From the paranoid fundamentalist tracts of Jack Chick, to Ronald McDonald promoting scouting, to an upcoming graphic novel explaining the science of climate change, comics and graphic novels have long been a means of both proselytizing and informing, condensing complex narratives into a digestible format with broad appeal. The medium is so elastic, it can seemingly adapt itself to any kind of story, even the most soberly serious and historically significant. For example, Georgia Congressman John Lewis, veteran of the Civil Rights movement, chose to tell his story—in collaboration with co-writer Andrew Aydin and artist Nate Powell—as a graphic novel called March (making him the first lawmaker to appear at a Comic-Con). Part one of three was published late last year and rose to the top of the New York Times and Washington Post bestseller lists. March has also become an important resource for teachers and librarians (download a free 11-page teachers guide from publisher Top Shelf here).
Lewis’ choice of medium may seem motivated by the current esteem in which the form is held in scholarly and popular circles alike, but he was primarily influenced by a much earlier civil rights comic book, Martin Luther King and the Montgomery Story (cover at top. Read online here.) Begun just five months after Rosa Parks’ historic refusal, the comic aimed to disseminate the epic tale of the Montgomery, AL bus boycott throughout the South. A section called “The Montgomery Method” (first page above) instructs readers on the nonviolent resistance techniques employed by civil rights workers in Alabama, with a primer on Gandhi and his influence on King. In the short video below, see NYU professor and King scholar Sylvia Rhor explain the genesis of the comic in the work of Alfred Hassler, then leader of Civil Rights organization Fellowship of Reconciliation. Hassler, a little-known figure who died in 1991, is now receiving more recognition through similar means. He himself recently became the subject of a graphic novel project (and now documentary) called The Secret of the 5 Powers about his work with Buddhist peace activists Thich Nhat Hanh and Sister Chan Khong during the Vietnam War.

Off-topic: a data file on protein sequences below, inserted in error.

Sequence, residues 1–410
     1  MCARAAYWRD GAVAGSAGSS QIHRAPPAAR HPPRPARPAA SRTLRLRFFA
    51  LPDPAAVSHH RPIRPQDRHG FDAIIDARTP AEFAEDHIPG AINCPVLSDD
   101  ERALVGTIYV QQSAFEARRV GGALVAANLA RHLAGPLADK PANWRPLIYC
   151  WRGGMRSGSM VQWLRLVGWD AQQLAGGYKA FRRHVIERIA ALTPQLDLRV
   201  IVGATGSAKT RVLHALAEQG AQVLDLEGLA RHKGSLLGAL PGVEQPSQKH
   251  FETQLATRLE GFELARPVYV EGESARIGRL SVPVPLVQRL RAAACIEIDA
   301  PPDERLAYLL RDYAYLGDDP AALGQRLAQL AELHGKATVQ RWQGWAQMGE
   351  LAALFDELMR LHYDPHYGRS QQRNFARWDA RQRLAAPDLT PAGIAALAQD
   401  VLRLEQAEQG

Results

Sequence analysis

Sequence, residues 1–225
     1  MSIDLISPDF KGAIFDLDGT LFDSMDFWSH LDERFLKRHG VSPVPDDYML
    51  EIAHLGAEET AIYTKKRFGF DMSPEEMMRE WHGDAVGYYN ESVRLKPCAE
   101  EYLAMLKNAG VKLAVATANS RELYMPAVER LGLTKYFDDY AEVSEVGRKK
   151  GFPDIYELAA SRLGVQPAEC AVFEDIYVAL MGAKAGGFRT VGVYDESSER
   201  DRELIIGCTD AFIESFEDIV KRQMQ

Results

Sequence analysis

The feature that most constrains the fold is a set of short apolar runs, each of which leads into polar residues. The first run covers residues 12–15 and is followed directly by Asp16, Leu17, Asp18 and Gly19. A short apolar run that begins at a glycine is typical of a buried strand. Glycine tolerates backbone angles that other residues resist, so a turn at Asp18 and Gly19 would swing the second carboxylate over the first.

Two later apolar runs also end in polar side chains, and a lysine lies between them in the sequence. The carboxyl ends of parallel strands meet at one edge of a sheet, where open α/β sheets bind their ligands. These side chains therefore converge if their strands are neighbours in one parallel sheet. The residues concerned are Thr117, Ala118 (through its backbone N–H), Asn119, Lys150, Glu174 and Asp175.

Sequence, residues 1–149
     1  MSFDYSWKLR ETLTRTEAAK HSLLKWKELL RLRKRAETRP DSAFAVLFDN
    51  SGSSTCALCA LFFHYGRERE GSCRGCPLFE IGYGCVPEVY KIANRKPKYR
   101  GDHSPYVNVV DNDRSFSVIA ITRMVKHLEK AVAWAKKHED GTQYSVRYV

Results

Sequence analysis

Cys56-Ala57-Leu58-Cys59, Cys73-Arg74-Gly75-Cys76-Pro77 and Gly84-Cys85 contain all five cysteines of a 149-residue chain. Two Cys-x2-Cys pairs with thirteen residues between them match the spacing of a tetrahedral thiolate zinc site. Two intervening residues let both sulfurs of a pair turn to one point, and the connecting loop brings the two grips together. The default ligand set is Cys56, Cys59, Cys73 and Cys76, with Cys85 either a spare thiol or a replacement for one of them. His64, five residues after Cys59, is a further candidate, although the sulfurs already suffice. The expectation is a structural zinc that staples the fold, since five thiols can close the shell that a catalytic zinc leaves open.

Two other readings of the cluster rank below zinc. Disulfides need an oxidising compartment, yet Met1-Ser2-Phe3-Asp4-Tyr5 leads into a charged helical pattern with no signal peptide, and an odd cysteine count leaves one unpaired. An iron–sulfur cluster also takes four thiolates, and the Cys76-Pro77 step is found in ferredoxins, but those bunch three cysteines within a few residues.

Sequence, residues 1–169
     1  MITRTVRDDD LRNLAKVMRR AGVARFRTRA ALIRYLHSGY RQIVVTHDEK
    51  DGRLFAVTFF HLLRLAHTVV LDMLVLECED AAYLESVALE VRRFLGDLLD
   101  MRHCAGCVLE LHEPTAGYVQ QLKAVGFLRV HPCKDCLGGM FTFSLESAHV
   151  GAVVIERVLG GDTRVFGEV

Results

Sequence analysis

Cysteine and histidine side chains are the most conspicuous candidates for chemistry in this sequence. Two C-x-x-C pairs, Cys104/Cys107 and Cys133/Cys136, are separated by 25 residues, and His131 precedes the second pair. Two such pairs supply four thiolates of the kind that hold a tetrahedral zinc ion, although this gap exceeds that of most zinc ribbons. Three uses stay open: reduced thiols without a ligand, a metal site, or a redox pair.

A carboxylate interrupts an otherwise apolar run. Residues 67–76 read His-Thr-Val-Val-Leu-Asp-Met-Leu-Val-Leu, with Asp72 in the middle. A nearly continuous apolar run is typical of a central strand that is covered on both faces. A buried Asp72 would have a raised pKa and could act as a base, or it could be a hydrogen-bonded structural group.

As Rhor notes above, the King comic has had tremendous influence, not only in the past, and not only on Rep. Lewis in the present. In 2003-2004, The Montgomery Story was translated into Arabic, and Egyptian revolutionaries during the Arab Spring found inspiration in the comic book that "turned Martin Luther King into a superhero"